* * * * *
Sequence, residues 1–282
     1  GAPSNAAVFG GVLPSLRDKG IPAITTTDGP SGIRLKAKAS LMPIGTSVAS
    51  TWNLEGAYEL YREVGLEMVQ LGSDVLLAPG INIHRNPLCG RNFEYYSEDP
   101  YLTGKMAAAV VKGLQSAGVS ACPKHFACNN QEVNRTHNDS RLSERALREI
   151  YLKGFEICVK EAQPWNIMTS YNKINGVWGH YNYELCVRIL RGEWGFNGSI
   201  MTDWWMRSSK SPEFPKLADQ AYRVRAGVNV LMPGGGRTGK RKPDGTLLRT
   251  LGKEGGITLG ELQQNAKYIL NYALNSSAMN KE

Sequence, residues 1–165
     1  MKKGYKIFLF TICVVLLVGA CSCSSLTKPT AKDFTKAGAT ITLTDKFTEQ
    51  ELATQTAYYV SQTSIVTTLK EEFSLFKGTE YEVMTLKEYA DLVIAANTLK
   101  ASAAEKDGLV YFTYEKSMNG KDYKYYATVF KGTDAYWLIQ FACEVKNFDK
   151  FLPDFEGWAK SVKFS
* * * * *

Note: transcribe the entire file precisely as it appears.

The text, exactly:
Sequence, residues 1–282
     1  GAPSNAAVFG GVLPSLRDKG IPAITTTDGP SGIRLKAKAS LMPIGTSVAS
    51  TWNLEGAYEL YREVGLEMVQ LGSDVLLAPG INIHRNPLCG RNFEYYSEDP
   101  YLTGKMAAAV VKGLQSAGVS ACPKHFACNN QEVNRTHNDS RLSERALREI
   151  YLKGFEICVK EAQPWNIMTS YNKINGVWGH YNYELCVRIL RGEWGFNGSI
   201  MTDWWMRSSK SPEFPKLADQ AYRVRAGVNV LMPGGGRTGK RKPDGTLLRT
   251  LGKEGGITLG ELQQNAKYIL NYALNSSAMN KE

Sequence, residues 1–165
     1  MKKGYKIFLF TICVVLLVGA CSCSSLTKPT AKDFTKAGAT ITLTDKFTEQ
    51  ELATQTAYYV SQTSIVTTLK EEFSLFKGTE YEVMTLKEYA DLVIAANTLK
   101  ASAAEKDGLV YFTYEKSMNG KDYKYYATVF KGTDAYWLIQ FACEVKNFDK
   151  FLPDFEGWAK SVKFS